A curious thing about the OMMA Data and Behavioral conference we hosted on Wednesday in New York: There was a lot of talk about the limits and caveats surrounding data. One of the objects of this iteration of the show series (which began on the very day in 2007 that AOL bought Tacoda) was to widen the lens from strictly behavioral targeting to that larger field of digital data of which behavioral targeting is a part. “Big data” was the dominant trope throughout. But it was fascinating to hear our speakers discuss, again and again, how data needs to be used judiciously, in concert with creative intelligence and consumers.
Tom Morton, Chief Strategy Officer of Euro RSCG, made the case for “poets” in an age of quants. “Big data still needs big interpreters,” he said. Quantification is inevitable, but targeting needs a brand voice -- and creatives need to understand how to use all this data.
The first panel of the day on media planning in an age of data underscored the need for understanding data’s limits. Jason Leigh of Razorfish argued that sometimes a data layer just isn’t worth the cost and added effort -- we need testing to determine when it really matters. The panelists cited Netflix as an example of a vendor that probably does well simply by making massive, low-cost buys everywhere. Even with the waste of missing targets, the price differential may not be worth it. Sometimes spray and pray works, Stewart Pratt of SapientNitro said. Morpheus Media's Toby Evers reminded us that finding the “right audience” is not enough if the person you are targeting is not in the right spot in the purchase funnel for your message.
The idea that data has the capacity to build new products, allowing companies to work more transparently with consumers to get them involved, came through during the “Predictive Analytics” panel. Duncan McCall, CEO of PlaceIQ, said that he felt once consumers themselves become more aware of and in control of their own data trail then the industry can really become productive: “Once we bring the consumers in on this, the world is going to change.”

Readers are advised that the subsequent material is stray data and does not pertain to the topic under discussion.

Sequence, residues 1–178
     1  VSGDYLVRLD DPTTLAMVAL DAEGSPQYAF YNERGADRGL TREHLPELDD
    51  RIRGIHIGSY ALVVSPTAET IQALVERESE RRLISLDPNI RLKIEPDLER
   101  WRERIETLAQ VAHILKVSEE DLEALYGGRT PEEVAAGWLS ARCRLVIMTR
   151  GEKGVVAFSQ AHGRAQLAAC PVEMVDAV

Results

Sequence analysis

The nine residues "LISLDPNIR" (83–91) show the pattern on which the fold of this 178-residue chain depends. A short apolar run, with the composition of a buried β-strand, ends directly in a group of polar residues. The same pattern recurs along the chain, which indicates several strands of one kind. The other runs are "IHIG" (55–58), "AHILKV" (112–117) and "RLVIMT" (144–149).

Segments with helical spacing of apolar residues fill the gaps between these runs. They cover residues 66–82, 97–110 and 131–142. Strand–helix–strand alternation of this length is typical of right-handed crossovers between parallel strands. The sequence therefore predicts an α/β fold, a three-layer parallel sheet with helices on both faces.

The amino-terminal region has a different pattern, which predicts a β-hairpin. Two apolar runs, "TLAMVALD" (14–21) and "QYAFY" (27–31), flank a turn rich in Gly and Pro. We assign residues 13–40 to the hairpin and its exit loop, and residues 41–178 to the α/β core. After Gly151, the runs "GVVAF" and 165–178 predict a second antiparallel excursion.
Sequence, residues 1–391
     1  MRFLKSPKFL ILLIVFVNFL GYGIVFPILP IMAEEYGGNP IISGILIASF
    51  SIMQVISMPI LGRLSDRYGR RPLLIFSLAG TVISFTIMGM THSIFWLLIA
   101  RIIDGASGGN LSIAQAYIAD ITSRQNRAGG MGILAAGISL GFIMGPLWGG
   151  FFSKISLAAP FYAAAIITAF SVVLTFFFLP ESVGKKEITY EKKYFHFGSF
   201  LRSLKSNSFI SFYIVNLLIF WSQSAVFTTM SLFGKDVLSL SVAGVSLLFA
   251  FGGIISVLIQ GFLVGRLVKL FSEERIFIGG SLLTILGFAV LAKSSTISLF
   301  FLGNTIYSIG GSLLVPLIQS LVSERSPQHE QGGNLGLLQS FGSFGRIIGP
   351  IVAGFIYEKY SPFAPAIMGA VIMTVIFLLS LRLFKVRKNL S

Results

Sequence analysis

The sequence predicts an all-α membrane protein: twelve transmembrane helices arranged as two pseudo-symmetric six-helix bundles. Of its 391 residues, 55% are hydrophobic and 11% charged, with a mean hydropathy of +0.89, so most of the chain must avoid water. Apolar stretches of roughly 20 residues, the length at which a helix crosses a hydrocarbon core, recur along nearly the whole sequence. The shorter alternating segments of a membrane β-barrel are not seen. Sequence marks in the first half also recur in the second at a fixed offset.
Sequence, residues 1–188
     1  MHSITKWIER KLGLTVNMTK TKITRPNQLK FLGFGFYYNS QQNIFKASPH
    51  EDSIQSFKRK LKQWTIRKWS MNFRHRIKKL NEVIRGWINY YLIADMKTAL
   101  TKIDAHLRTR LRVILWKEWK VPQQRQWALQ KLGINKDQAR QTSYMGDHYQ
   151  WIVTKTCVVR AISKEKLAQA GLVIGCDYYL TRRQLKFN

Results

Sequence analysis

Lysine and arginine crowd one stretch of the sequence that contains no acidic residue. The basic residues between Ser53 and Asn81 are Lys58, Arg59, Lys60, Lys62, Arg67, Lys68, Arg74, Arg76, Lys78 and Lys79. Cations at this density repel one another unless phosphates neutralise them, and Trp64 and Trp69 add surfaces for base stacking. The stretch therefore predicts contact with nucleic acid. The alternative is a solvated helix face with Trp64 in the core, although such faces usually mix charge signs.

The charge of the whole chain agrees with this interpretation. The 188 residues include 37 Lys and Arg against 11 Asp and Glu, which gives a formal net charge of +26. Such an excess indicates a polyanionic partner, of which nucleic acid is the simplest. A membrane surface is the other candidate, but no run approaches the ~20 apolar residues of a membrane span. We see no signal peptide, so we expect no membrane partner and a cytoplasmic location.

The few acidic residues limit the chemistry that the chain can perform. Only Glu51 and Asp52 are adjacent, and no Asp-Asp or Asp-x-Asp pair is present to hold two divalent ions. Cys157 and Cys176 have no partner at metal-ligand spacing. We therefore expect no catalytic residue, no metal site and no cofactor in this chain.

Interestingly, C-K's Killian Schaffer picked up on McCall's point and called it “data liberation... Once consumers start realizing that their data is valuable, I am really interested to see what the ecosystem will look like [where] we figure out some exchanges where people will raise their hands and say,'You can use my information – feel free to market to me.'”
The role of the consumer in cooperating with data exchange was an interesting offshoot of this panel. Rachel Pasqua, who leads mobile at Organic, made the wise observation that the iPhone is doing a great job of accustoming people to opt-in. Any time an app needs to access the phone’s geo-location capabilities it must ask permission of the user. This is a little thing but significant, since it signals to the user that a specific benefit (usually more precise information about nearby resources or mapping) is the result of this exchange of data. As Pasqua pointed out, this gets people in the habit of opting in -- and seeing a demonstrable benefit from doing so.
Of course this sort of conscious data exchange requires that brands answer in kind. The pressure is on the publisher or the brand to deliver something of value directly tied to the data points being shared. PlaceIQ, for instance, uses the attributes of a location to infer a user's likely intentions in order to serve the right ads. Someone coming out of a bar is likely to be looking for fast food, as opposed to someone doing a search from a gym two blocks away.
Byron Reese, who leads innovation at DemandMedia, followed up on this theme of data as a creative agent in society in his fascinating presentation. He asked us to imagine a world of data created by limitless sensors attached to everything -- where virtually everything we do, from eating to walking, consuming media to sleeping, can somehow be captured. In this world, we will see wild affinities and correlations that beg for explanation.
He suggested, much as Tom Morton did, that the mountains of data are a challenge to the creative intelligence to craft new ways of thinking about the world around us. The data requires interpreters and creative types who can turn the inferences about cause and effect into new products and services.
One of my takeaways from this week’s show is that as we start moving from discussing “behavioral tracking and targeting” and towards “data” writ larger, the discussion becomes energized with more possibilities.
The predictive analytics panel is available in the stream here.
Byron Reese’s talk is here.
Tom Morton’s keynote is here.